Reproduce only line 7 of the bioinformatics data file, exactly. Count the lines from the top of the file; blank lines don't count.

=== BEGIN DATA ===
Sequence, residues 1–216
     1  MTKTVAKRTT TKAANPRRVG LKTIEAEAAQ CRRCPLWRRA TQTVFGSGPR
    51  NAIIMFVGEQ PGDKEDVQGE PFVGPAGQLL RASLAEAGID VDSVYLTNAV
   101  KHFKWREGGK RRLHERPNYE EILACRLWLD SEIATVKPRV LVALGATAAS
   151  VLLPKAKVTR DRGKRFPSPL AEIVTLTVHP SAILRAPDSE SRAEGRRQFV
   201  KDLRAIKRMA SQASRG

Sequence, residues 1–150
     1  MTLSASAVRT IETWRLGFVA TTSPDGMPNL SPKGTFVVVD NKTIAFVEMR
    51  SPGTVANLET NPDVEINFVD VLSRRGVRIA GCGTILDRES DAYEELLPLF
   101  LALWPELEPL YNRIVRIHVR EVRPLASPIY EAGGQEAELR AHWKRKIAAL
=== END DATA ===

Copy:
Sequence, residues 1–150